La presencia de naves y submarinos Chinos en una negociacion bilateral entre Sri Lanka y China, para recibir y repostamiento de sus Fuerzas Navales en conjunto, mueve las
olas y transforma la percepcion de sus movimientos en el Oceano Indico.
 Esta es una clara Directiva China, que sus costas, no son limitacion para proyectarse
hacia otros mares y oceanos.  

El atribulado Mar del Sur de China, es solo una escala
tecnica de todo el mapa orquestado para la navegacion Militar China en todo su esplendor.



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From Gwadar to Chabahar, the Makran Coast Is Becoming an Arena for Rivalry Between Powers


BY PIR-MOHAMMAD MOLLAZEHI ON 14/06/2016 • 6 COMMENTS
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No matter what role the ports play in the future – intensifying regional and global rivalries or stimulating development – the Makran coast finds itself at the brink of emerging from isolation.

a28c08.jpg


A map depicting parts of the Middle East, South Asia and East Asia. Credit: Iran Review
A map depicting parts of the Middle East, South Asia and East Asia. Credit: Iran Review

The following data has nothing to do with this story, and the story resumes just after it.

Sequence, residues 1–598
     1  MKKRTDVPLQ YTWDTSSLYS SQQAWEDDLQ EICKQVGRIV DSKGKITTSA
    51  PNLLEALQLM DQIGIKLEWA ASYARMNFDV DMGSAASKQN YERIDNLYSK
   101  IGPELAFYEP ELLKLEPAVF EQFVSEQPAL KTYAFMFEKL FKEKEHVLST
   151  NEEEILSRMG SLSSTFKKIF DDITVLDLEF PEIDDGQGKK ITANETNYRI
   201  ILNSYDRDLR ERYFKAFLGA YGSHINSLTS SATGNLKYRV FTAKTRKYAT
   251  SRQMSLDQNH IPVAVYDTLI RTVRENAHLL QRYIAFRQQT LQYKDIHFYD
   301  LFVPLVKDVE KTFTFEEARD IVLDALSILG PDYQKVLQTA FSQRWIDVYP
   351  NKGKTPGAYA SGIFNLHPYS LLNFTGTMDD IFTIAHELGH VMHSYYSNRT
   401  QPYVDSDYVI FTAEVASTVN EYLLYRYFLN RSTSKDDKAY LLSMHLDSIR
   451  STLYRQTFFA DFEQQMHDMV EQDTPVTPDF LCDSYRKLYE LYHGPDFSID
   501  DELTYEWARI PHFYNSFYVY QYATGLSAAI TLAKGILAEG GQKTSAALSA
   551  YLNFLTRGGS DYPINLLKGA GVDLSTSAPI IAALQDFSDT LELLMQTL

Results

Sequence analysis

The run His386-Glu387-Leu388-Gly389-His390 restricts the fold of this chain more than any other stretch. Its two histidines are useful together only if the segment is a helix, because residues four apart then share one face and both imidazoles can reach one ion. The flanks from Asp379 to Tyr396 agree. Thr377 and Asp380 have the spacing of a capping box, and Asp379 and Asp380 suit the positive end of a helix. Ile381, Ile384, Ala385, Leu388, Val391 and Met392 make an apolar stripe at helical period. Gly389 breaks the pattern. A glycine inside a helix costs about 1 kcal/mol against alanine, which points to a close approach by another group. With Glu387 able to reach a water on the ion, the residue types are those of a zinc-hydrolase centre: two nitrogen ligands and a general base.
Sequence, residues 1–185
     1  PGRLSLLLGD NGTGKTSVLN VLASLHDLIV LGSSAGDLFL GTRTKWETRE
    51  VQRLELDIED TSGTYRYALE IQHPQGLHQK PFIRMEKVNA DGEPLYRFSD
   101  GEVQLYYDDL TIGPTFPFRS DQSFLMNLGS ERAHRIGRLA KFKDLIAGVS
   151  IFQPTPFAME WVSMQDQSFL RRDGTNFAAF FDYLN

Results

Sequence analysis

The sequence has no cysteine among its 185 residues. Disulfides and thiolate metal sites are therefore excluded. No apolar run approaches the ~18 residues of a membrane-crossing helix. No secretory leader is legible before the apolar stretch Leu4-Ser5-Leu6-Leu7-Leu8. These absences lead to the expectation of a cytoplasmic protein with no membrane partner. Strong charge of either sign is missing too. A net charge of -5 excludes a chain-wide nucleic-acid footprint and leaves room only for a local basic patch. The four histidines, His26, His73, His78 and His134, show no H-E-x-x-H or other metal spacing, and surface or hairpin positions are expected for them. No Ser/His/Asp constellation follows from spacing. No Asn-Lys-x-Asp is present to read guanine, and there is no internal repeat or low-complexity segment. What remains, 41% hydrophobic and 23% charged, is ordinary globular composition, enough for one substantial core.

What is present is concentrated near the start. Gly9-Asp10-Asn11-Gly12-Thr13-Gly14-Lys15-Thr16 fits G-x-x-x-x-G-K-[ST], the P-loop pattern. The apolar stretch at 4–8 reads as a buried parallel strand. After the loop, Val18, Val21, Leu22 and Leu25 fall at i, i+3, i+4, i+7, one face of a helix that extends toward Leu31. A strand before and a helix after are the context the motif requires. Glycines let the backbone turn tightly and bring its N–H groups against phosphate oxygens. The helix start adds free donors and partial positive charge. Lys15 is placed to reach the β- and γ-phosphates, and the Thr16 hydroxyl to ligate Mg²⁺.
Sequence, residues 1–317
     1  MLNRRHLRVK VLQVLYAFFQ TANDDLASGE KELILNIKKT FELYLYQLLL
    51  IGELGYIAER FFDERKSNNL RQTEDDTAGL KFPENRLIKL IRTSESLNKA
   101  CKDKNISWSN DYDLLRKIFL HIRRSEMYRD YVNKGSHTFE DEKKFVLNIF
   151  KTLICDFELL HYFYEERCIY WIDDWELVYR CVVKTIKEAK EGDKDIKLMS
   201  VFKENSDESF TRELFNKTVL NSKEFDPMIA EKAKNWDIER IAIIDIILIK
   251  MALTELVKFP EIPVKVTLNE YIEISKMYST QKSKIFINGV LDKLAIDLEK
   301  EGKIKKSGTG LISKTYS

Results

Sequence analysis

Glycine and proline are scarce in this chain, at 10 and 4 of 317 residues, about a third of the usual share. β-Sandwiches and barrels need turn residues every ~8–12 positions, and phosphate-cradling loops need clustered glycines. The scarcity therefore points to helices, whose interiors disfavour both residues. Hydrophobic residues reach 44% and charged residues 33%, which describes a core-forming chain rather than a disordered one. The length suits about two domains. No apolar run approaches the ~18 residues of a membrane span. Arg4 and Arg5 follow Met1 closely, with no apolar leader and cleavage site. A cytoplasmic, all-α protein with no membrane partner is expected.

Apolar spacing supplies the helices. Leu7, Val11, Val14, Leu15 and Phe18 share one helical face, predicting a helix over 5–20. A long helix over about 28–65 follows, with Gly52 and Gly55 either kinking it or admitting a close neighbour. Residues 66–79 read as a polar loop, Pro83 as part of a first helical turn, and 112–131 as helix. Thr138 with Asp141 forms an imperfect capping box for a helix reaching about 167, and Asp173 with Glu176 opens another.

The coasts of Makran or Makuran – as it is pronounced by the local people – is a region comprising about 1,500 km of shoreline along the Sea of Oman and the Indian Ocean, which is located in Iran’s Hormozgan, and Sistan and Baluchestan provinces as well as Pakistan’s Balochistan province. Throughout history and before Omani Arabs gained a more dominant position, this shoreline had been recorded in history as the Sea of Makran. The Makran coast starts from Alkouh region north of Iran’s Mina port and is considered an Iranian coast until it reaches the border between Iran and Pakistan in Gwater Bay in Iran’s Sistan and Baluchestan province. Thereafter, that is, from Gwater Bay to Lasbela District, which is located north of Karachi port, it is considered as part of Pakistan’s shoreline. Apart from the strategic importance that the coast of Makran has for the two countries of Iran and Pakistan, this region has been in focus of world powers’ attention for a long period of time, so that, part of regional developments in the past two decades have been associated with efforts made by countries to have access to this coastline.